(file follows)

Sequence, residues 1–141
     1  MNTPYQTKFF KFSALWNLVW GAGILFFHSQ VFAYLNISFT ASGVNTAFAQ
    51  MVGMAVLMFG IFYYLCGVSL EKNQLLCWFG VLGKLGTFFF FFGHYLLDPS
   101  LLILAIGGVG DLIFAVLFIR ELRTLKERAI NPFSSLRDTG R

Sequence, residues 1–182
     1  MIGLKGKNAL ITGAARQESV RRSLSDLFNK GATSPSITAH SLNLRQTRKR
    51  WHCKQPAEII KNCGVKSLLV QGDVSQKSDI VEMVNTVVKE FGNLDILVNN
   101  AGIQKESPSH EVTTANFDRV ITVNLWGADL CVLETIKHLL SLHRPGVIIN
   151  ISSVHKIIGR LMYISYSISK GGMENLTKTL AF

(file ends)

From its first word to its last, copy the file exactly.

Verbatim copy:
Sequence, residues 1–141
     1  MNTPYQTKFF KFSALWNLVW GAGILFFHSQ VFAYLNISFT ASGVNTAFAQ
    51  MVGMAVLMFG IFYYLCGVSL EKNQLLCWFG VLGKLGTFFF FFGHYLLDPS
   101  LLILAIGGVG DLIFAVLFIR ELRTLKERAI NPFSSLRDTG R

Sequence, residues 1–182
     1  MIGLKGKNAL ITGAARQESV RRSLSDLFNK GATSPSITAH SLNLRQTRKR
    51  WHCKQPAEII KNCGVKSLLV QGDVSQKSDI VEMVNTVVKE FGNLDILVNN
   101  AGIQKESPSH EVTTANFDRV ITVNLWGADL CVLETIKHLL SLHRPGVIIN
   151  ISSVHKIIGR LMYISYSISK GGMENLTKTL AF